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Rafael Zamora-Resendiz

I am most proud of being able to say that I’ve worked on meaningful scientific problems. Be it
learning more about cancer-causing RAS protein mutations or finding ways of detecting
homelessness and suicide over terabytes of electronic health care data, I always believed that,
as scientists, we have a civil and ethical duty to use our talents to help make the world a better
place. The SRP program fueled my desire to pursue a career in the field of computational
medicine.
My college professor, mentor, and friend Dr. Xinilian Liu brought me to the Lab three years ago
to participate as a student researcher in the SRP program where we explored the application of
novel machine learning methods to the field of proteomics. During that time, I was thrown
straight into the world of research, learning about current problems on the bleeding edge of
computational science, and growing enamored with the process of thinking about a problem and
designing experiments to answer questions around them.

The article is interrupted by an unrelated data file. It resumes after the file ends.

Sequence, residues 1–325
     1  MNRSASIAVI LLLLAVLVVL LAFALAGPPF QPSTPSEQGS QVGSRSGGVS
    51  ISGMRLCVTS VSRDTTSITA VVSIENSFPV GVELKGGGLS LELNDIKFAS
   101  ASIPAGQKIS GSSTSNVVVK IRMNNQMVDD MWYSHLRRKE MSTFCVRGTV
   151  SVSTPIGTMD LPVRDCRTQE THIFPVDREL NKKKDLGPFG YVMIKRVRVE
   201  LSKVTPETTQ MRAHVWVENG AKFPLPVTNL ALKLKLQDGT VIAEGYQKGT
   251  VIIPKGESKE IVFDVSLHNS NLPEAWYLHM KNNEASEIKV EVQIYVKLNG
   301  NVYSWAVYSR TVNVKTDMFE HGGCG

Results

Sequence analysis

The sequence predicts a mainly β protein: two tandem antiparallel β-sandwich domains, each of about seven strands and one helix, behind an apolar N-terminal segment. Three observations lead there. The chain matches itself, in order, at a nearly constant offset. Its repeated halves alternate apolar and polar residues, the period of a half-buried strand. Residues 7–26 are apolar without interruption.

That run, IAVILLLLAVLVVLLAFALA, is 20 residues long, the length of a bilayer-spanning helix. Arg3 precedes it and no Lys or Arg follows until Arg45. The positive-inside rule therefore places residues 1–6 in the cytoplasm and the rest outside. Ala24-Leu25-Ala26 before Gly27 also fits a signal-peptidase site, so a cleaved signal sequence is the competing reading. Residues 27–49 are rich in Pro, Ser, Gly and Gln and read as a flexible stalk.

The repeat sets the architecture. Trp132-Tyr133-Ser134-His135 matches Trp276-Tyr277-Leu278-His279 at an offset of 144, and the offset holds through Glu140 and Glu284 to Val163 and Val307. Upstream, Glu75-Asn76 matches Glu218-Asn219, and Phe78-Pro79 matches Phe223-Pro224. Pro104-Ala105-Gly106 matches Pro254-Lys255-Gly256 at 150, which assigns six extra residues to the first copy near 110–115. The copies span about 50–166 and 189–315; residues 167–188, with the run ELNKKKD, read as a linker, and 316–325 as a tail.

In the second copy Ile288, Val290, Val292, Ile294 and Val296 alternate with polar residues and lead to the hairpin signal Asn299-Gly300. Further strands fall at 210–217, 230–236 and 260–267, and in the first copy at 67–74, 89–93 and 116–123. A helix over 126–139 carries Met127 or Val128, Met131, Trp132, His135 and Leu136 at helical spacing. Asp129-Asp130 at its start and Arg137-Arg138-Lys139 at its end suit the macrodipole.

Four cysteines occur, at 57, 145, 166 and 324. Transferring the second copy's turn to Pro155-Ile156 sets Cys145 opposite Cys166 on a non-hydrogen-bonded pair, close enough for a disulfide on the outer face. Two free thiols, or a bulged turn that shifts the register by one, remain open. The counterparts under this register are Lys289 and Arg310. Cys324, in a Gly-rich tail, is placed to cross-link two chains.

I will be honest and say that the journey had moments of excitement and of difficulty and
frustration. Having worked on projects which crossed multiple scientific disciplines, I felt many
times like the learning curve was too steep for me to push through. I changed my perspective
and began to see that a scientist would use this as a chance to learn more about “the things
they didn’t know, they didn’t know”.
Aside from learning more about how to design and implement machine learning algorithms on
high-performance systems, I improved on valuable soft skills which are important to conducting
good research. Scientific research has a big social component; I enjoyed sharing our group’s
work through conference presentations in the U.S. and overseas, talks I’ve given at the Lab,
and community career days where I’ve shared my experience with the next generation of young
researchers.
If you are considering the SRP program, be prepared to see things from multiple perspectives,
and be open to new ideas. Take advantage of all the great resources at your disposal. This
includes both talks and presentations given at your research institution as well as your mentors’
experiences. The SRP program is a great way to gain an understanding of the world of scientific
research and refine what you want your research career path to be.
I am now a computational engineer working at Lawrence Berkeley National Laboratory on a
project called the Million Veterans Program under the supervision of Dr. Silvia Crivelli. I am very
grateful for the opportunities that opened up along my career path thanks to my participation in
the SRP program.